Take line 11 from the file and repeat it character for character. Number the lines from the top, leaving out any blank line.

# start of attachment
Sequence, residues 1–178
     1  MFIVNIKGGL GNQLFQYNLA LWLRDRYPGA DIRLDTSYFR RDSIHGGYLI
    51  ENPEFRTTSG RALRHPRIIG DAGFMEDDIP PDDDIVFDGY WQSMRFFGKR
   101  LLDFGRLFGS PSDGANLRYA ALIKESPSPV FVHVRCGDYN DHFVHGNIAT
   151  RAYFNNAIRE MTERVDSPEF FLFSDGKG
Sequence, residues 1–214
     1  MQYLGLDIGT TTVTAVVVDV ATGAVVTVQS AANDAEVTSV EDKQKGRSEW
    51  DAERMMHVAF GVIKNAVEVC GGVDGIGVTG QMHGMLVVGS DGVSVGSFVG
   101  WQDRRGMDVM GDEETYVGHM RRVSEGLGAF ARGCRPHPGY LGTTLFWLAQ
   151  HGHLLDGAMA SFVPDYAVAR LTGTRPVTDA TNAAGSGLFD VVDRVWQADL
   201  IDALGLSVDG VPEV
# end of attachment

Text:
   201  IDALGLSVDG VPEV